Considerations for Using the Vasculature as a Coordinate System to Map All the Cells in the Human Body
- 1Department of Biomedical Informatics, Harvard Medical School, Boston, MA, United States
- 2Department of Intelligent Systems Engineering, Luddy School of Informatics, Computing, and Engineering, Indiana University, Bloomington, IN, United States
Several ongoing international efforts are developing methods of localizing single cells within organs or mapping the entire human body at the single cell level, including the Chan Zuckerberg Initiative's Human Cell Atlas (HCA), and the Knut and Allice Wallenberg Foundation's Human Protein Atlas (HPA), and the National Institutes of Health's Human BioMolecular Atlas Program (HuBMAP). Their goals are to understand cell specialization, interactions, spatial organization in their natural context, and ultimately the function of every cell within the body. In the same way that the Human Genome Project had to assemble sequence data from different people to construct a complete sequence, multiple centers around the world are collecting tissue specimens from diverse populations that vary in age, race, sex, and body size. A challenge will be combining these heterogeneous tissue samples into a 3D reference map that will enable multiscale, multidimensional Google Maps-like exploration of the human body. Key to making alignment of tissue samples work is identifying and using a coordinate system called a Common Coordinate Framework (CCF), which defines the positions, or “addresses,” in a reference body, from whole organs down to functional tissue units and individual cells. In this perspective, we examine the concept of a CCF based on the vasculature and describe why it would be an attractive choice for mapping the human body.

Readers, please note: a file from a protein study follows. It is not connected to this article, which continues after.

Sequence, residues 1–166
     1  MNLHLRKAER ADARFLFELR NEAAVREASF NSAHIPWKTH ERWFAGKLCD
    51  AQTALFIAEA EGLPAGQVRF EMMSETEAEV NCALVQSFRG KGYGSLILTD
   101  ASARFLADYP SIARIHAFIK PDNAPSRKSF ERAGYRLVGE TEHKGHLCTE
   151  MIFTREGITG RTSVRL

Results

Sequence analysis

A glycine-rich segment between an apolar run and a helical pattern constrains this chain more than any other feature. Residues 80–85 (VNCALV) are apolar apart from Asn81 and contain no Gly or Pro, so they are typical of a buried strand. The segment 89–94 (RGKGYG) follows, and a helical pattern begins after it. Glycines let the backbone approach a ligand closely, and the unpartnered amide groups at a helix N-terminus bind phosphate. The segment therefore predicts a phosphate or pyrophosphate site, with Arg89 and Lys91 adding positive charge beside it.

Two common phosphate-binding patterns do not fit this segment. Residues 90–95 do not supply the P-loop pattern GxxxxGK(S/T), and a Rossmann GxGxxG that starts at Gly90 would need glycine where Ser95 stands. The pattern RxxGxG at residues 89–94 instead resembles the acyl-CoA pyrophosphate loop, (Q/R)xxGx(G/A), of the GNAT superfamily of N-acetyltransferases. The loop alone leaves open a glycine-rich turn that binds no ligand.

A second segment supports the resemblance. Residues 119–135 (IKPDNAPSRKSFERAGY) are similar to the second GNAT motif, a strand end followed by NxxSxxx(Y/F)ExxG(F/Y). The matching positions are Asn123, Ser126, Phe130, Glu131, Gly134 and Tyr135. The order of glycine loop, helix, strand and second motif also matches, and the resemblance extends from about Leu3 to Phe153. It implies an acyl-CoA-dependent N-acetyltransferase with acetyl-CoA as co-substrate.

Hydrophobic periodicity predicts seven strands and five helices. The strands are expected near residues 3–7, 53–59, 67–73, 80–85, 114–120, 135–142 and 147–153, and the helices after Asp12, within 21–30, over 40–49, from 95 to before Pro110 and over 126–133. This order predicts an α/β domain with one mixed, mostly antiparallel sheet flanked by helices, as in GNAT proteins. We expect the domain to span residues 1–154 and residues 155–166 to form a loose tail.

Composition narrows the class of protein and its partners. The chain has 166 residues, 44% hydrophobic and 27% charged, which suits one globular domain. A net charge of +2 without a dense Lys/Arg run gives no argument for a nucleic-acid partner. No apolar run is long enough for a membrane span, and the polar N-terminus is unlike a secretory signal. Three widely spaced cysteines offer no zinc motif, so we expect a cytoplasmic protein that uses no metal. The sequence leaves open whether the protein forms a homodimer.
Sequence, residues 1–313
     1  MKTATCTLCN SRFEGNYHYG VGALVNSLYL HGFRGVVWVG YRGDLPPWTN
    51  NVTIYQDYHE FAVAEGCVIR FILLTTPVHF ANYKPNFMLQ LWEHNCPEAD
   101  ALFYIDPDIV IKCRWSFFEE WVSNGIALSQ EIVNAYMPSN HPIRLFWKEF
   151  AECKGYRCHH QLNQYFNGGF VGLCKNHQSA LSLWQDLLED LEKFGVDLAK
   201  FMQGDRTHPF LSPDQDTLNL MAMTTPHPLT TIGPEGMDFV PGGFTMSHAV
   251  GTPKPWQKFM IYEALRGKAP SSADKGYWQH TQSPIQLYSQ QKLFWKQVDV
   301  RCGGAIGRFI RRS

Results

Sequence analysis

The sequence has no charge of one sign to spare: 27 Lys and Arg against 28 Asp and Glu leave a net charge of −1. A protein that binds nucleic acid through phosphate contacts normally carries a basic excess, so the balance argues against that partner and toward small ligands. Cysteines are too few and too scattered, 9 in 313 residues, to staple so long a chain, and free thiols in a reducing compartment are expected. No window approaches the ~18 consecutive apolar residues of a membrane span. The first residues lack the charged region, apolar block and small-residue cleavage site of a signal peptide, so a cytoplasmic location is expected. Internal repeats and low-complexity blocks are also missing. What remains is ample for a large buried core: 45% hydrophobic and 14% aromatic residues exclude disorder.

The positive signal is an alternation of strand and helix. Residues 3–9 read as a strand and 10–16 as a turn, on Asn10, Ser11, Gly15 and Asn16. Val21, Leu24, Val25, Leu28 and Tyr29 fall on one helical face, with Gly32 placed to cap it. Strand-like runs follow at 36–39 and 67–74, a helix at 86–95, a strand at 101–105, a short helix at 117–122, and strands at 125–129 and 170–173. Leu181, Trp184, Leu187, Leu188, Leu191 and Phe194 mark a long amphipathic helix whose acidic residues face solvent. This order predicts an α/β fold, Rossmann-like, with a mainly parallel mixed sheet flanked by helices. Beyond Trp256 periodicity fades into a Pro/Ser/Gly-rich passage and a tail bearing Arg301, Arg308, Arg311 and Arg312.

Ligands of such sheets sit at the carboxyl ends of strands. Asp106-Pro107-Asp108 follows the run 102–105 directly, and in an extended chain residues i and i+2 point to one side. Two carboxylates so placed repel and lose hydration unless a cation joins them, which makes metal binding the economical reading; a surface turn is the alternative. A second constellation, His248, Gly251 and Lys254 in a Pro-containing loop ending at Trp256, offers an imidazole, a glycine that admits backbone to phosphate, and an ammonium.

When examining coordinate systems that could be used for different biological entities, specific characteristics should be considered. For example, chromosome number and base pair position form a linear coordinate system that is sufficient to define location in the reference genome (1). However, a coordinate system for the entire human body, which can serve the needs of HuBMAP, HCA, HPA, and other mapping efforts, is far more complex for several reasons (2–5). First, cells live in three dimensions; and, additional information is needed to describe the size and rotational orientation of any tissue sample used to generate the data. Second, while genome base pair position does not depend on how DNA is folded and packed into the nucleus, the positions of individual elements (e.g., cells, organs) within the body are dynamic, as they may change with skeletal and muscle movements, gravity, breathing, heart beating, and other functions and forces that distort tissue. Third, although the variability of DNA between people is <1%, human body geometry spans a wide range of heights, weights, and shapes, which vary by sex and race and change significantly over a person's lifespan.
One option is to use a 3D Cartesian coordinate system to describe position within the body. Cartesian coordinate systems have the benefit of being familiar and easily understood. With the body in standard anatomical position, left-right, caudal-cranial, and posterior-anterior form three perpendicular (x-y-z) axes. For smaller scale analyses, centering the origin on an anatomic landmark might be most useful and potentially less variable between different people. For example, it would be easier to measure the distance of a tissue sample from the kidney to the superior pole of the kidney than to the top of a person's head. The disadvantage of Cartesian coordinates is that its axes do not follow the natural shape of the body. As a result, creating a reference body map by digitally “stitching” together tissue specimens collected from people of different sizes would require a complex process of warping, rotating, and aligning the data. Doing this in a way that scales to the entire body while maintaining cellular-level precision would be extremely challenging.
Other 3D coordinate systems have been developed for different applications. For example, spherical coordinates, with axes representing latitude, longitude, and elevation, conveniently describe location on the surface of the Earth. A simple path in spherical coordinates, such as “1 km east,” is much more difficult to communicate using Cartesian coordinates. Similarly, coordinate systems for the human body should ideally have axes that follow anatomical structures, genetic expression patterns, chemical gradients, and/or other biologically relevant pathways. Several organ-specific coordinate systems have been developed, such as Talairach coordinates for functional brain imaging, but these do not extend to the entire body (6).
Vascular Based Coordinate System